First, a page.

In our new working paper (Fidrmuc, Obrizan and Stanek, 2024) we fill this gap by analyzing the differences in three socio-economic outcomes of Ukrainians in Poland and Ukraine, and in particular, their response to violence. Specifically, we are interested in what determines whether a person reports to be happy, trusts others and has good self-rated health. To study these questions we used data from two sources. First, we surveyed over 400 Ukrainian refugees in the Cracow area (Poland) who filled in an online questionnaire in November/December 2023. Second, we commissioned five questions to be included in the December 2023 wave of the nationally-representative survey of the Kyiv International Institute of Sociology (KIIS). For each question, we converted the original five-point scale question to a binary indicator, with 1 for respondents who chose the “yes” or “rather yes” options and 0 for those choosing the remaining options. In addition, we analyze how Ukrainians in the Polish subsample differ from those in a nationally representative sample of Ukrainians who stayed in their home country.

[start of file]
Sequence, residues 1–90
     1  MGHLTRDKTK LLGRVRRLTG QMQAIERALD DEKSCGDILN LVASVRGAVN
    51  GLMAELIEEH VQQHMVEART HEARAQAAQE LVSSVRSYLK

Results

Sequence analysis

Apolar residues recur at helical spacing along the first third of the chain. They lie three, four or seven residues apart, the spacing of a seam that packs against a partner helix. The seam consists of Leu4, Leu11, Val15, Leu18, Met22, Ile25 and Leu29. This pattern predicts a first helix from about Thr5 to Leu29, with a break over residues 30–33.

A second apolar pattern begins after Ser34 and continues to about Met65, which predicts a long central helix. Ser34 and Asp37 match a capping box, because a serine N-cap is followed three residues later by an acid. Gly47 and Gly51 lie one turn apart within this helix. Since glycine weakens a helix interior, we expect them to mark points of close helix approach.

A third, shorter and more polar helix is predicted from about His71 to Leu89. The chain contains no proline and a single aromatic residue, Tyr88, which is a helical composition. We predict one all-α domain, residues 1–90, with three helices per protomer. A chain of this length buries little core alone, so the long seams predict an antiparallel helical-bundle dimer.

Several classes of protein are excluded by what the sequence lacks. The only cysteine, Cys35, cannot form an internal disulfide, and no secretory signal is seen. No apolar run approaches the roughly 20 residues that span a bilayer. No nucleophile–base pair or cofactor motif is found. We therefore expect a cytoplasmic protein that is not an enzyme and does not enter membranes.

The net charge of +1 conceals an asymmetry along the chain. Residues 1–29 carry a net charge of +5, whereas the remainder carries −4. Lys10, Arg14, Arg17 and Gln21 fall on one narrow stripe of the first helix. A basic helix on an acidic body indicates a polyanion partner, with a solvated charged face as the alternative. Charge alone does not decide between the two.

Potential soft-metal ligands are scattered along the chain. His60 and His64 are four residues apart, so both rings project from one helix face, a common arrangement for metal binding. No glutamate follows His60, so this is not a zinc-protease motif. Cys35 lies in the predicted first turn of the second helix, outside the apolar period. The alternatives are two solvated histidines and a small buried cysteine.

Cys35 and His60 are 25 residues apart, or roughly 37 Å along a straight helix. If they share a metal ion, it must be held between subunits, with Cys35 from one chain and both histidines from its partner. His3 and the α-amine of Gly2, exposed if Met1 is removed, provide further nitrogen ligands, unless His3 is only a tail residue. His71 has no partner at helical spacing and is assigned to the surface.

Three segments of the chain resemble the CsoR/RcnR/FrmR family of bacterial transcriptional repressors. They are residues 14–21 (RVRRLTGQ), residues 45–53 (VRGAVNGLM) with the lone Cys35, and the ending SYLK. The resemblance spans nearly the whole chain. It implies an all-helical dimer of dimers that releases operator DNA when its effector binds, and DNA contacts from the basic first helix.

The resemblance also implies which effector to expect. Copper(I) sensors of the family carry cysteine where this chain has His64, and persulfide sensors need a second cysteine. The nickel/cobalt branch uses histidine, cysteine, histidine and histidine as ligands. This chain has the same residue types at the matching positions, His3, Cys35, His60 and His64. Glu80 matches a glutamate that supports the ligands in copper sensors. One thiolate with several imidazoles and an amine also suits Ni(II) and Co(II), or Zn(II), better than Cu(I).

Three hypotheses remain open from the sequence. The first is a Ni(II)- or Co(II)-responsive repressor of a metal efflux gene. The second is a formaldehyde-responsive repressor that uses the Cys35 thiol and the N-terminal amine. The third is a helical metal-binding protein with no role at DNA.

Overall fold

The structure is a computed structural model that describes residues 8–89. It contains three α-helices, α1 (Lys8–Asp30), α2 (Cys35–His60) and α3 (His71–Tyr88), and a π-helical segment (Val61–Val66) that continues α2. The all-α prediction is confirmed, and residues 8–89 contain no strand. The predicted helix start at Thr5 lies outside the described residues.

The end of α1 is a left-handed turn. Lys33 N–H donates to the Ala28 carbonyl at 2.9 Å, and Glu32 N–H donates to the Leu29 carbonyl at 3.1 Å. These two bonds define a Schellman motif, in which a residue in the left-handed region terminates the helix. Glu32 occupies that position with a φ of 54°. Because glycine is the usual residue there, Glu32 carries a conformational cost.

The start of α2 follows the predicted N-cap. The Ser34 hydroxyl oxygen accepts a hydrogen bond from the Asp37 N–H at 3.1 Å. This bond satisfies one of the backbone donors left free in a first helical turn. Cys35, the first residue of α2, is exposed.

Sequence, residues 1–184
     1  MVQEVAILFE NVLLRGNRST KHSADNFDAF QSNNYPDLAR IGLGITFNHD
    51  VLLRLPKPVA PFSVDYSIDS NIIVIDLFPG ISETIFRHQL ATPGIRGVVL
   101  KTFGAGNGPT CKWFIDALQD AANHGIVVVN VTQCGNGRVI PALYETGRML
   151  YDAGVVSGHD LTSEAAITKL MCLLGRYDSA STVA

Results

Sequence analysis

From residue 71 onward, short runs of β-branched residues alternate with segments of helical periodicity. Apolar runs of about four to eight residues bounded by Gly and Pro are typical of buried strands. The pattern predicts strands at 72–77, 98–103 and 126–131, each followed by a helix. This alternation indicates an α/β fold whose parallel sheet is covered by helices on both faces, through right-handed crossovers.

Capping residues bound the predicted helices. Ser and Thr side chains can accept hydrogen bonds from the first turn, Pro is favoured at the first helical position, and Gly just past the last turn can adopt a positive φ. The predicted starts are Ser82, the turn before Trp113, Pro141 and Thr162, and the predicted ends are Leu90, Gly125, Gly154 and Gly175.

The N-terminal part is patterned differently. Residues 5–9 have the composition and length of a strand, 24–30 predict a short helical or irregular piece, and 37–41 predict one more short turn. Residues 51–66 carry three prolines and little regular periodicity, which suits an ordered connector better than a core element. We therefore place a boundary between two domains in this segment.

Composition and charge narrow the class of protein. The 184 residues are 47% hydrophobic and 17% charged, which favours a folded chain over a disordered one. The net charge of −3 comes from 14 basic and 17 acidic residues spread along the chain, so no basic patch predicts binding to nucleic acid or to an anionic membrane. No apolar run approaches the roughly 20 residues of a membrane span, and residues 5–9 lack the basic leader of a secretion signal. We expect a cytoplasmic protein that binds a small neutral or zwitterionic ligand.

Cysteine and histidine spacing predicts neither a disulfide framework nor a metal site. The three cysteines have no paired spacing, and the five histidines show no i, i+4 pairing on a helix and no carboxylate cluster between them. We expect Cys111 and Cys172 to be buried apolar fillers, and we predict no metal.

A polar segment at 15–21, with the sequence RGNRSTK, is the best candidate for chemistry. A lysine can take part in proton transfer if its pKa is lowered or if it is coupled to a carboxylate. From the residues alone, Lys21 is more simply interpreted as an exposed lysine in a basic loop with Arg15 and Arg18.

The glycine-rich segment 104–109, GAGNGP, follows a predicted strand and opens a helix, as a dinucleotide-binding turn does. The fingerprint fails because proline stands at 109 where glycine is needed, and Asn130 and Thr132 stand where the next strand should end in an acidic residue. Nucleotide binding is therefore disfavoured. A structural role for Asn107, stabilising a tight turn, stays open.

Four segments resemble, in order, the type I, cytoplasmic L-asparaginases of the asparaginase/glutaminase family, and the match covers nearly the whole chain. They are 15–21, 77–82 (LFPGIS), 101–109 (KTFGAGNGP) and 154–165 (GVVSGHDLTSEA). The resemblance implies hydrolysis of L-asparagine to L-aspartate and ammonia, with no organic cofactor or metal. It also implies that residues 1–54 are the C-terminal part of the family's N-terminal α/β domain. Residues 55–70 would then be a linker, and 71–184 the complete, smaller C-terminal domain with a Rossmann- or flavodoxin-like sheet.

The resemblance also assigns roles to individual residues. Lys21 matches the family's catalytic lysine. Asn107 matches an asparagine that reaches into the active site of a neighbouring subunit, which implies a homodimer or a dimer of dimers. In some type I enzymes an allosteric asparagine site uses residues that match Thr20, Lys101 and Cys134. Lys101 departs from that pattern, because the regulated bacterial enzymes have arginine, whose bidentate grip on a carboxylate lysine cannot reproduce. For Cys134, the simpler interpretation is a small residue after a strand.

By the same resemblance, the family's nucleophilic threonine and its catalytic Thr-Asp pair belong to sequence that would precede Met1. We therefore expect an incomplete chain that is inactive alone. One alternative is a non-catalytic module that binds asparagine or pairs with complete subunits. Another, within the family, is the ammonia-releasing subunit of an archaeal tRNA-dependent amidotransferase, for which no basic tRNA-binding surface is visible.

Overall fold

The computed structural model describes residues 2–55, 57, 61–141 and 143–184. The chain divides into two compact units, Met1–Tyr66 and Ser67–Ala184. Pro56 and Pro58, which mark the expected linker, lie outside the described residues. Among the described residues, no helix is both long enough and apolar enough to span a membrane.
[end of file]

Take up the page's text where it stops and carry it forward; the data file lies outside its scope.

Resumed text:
Surprisingly, previous literature found a mixed (and not always negative) effect of violence on socio-economic outcomes. For example, Kijewski (2020) showed that war experience (being injured or having had parents or grandparents injured or killed during WWII) decreases life satisfaction by about 0.1 (on a scale of 1 to 10) even sixty years later. On the contrary, Djankov et al. (2016), using a similar specification and the same dataset, find no significant effect of the same war experience. Victimization in recent civil wars goes together with reduced generalized trust (Grosjean 2014). Roy and Ray (2018) argue that armed conflicts are strongly associated with a dramatic devastating impact on public health. Obrizan and Iavorskyi (2023), on the other hand, found no statistically significant effect on population health in war-affected regions of Donbas in 2015-2016 for the majority of disease classes compared to the data in 2012-2013 before the war.